Who’s Changed More: Romney or Huntsman?

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A day after changing campaign managers, Jon Huntsman’s team takes a new shot at Mitt Romney’s: A Huntsman spokesman notes that, as a candidate for Massachusetts governor in 2002, Romney disdained Grover Norquist’s anti-tax pledge as “government by gimmickry,” but has happily signed it this time around. “So, what’s changed?,” asks Huntsman’s campaign.

Some people are asking the same question of Huntsman. The former Utah governor debuted his campaign with a pledge of his own, to take “the high road” in his campaign. “I don’t think you need to run down someone’s reputation in order to run for the office of president,” he said in his June announcement speech. But after his grand roll out failed to make a splash, Huntsman has started jabbing at Romney’s record on health care and job creation.

Huntsman spokesman Tim Miller says there’s no contradiction between Huntsman’s civility pledge and his campaign’s strafing at Romney. “There’s absolutely nothing inconsistent about Governor Huntsman’s desire to run an optimistic and civil campaign and clearly defining the differences in track record and vision for the country with President Obama and Governor Romney,” Miller says. “He wasn’t saying that we’re not going to run an ad or send a tweet saying that his heath care plan is different from Obama’s.”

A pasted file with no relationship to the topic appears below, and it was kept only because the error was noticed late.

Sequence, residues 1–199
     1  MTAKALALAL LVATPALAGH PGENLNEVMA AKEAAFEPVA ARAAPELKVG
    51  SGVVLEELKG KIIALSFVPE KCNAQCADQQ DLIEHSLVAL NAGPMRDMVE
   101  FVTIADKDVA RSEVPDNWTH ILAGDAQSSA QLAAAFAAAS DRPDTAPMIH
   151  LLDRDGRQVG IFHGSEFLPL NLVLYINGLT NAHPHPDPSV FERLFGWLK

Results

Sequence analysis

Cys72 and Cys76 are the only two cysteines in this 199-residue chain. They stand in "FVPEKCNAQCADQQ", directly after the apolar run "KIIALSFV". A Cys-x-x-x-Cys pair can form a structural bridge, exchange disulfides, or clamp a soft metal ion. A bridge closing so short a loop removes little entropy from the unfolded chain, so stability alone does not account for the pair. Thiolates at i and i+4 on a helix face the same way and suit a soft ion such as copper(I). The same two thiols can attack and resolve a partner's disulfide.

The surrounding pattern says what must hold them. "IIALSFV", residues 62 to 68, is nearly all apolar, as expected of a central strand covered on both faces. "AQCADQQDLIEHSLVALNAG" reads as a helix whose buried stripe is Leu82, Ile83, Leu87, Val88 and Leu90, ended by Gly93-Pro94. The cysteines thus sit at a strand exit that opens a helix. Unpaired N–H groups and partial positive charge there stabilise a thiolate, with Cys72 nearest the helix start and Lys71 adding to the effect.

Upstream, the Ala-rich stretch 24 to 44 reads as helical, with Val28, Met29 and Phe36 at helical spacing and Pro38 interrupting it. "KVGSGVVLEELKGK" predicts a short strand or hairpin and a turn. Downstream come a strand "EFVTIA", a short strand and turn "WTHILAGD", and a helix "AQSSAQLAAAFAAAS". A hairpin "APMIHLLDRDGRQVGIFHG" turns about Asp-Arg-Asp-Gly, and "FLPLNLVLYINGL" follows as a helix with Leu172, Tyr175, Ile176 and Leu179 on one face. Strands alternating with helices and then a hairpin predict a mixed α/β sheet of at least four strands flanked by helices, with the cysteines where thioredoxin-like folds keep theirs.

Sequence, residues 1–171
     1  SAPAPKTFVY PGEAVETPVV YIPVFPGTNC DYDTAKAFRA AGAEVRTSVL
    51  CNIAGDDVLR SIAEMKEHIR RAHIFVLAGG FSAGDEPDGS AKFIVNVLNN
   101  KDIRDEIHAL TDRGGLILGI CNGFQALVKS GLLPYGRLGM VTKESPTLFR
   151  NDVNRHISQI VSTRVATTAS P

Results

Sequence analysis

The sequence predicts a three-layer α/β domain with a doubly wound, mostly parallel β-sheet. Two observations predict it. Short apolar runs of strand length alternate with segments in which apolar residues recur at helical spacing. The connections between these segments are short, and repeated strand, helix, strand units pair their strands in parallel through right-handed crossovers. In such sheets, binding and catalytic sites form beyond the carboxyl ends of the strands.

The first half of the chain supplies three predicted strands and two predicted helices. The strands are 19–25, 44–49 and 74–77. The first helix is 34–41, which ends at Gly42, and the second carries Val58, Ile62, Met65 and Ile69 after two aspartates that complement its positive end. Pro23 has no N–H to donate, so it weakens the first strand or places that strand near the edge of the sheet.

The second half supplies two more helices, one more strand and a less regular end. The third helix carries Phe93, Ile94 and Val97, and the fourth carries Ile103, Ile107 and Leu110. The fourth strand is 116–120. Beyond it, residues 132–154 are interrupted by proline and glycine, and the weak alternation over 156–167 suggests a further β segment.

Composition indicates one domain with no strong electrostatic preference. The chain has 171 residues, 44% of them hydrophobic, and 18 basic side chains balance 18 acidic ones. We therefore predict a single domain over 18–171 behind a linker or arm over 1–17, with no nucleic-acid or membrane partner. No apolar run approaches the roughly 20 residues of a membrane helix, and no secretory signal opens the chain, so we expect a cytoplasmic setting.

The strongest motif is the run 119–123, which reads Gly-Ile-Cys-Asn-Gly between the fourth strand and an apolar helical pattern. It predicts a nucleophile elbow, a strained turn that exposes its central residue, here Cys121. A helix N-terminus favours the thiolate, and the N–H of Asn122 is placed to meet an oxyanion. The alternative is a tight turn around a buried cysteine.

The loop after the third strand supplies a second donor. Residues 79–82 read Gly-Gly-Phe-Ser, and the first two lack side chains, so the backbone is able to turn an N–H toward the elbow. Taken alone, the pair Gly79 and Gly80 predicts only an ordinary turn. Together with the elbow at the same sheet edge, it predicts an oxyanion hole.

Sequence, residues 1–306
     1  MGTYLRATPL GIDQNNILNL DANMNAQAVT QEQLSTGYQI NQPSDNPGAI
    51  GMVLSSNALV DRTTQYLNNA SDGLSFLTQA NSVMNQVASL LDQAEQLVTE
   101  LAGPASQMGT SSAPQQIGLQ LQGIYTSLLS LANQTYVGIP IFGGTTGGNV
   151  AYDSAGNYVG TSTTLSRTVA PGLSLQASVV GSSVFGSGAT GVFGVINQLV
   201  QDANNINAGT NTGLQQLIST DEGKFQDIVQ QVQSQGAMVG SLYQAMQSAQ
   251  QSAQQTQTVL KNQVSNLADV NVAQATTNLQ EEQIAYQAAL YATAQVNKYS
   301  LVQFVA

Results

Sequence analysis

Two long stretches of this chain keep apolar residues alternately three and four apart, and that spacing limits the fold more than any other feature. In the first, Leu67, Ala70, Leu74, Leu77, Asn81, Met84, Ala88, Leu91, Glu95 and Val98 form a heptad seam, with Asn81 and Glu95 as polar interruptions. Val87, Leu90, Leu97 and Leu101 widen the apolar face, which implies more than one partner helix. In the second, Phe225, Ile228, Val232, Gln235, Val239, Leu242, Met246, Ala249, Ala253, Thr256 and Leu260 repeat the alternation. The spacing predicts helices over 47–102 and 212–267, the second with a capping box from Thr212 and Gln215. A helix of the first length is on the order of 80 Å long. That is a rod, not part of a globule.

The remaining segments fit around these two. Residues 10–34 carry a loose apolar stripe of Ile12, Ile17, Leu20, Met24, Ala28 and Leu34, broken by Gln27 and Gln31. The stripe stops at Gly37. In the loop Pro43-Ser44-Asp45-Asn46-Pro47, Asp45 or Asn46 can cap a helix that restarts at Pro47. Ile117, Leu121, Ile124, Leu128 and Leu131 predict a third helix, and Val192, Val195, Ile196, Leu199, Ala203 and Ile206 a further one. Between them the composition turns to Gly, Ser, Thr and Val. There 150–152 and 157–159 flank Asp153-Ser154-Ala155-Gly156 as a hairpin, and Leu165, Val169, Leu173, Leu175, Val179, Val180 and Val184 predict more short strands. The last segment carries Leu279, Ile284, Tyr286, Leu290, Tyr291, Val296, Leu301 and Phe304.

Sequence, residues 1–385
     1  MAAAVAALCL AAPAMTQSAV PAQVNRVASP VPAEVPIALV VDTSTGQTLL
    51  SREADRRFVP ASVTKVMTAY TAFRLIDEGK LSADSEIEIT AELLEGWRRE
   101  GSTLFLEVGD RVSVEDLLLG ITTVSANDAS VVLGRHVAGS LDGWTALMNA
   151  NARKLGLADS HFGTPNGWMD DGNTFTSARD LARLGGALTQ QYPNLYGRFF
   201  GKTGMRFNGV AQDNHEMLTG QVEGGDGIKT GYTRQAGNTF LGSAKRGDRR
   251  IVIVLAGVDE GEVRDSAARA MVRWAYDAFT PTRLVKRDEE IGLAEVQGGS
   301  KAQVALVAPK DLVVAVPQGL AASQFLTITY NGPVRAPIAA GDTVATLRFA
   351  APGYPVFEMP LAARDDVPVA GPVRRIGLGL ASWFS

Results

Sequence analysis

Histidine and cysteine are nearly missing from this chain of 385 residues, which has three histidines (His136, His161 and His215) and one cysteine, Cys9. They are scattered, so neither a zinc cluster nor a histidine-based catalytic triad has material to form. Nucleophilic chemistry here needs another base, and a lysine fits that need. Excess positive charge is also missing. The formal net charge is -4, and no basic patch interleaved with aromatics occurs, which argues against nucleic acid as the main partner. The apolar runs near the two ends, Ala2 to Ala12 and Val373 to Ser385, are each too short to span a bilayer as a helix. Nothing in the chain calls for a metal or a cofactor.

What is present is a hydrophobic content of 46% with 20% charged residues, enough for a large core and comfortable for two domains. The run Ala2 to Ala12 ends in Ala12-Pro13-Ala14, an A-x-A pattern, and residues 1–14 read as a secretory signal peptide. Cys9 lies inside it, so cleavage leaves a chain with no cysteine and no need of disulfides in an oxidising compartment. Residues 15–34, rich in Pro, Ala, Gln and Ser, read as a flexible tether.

Huntsman clearly isn’t finished sniping. The recently-returned U.S. Ambassador to China will be speaking in New Hampshire Tuesday and then making several appearances next weekend in Washington, D.C. and Florida, where he’s likely to have more to say about both Obama and Romney. Huntsman will also participate in the August 11 GOP debate in Ames, Iowa, on the eve of the straw poll there. Huntsman may not even be on the Ames ballot (although the final list is still in flux), but the debate is an important chance for him to grab the attention of GOP voters who have thus far seemed mostly uninterested in him.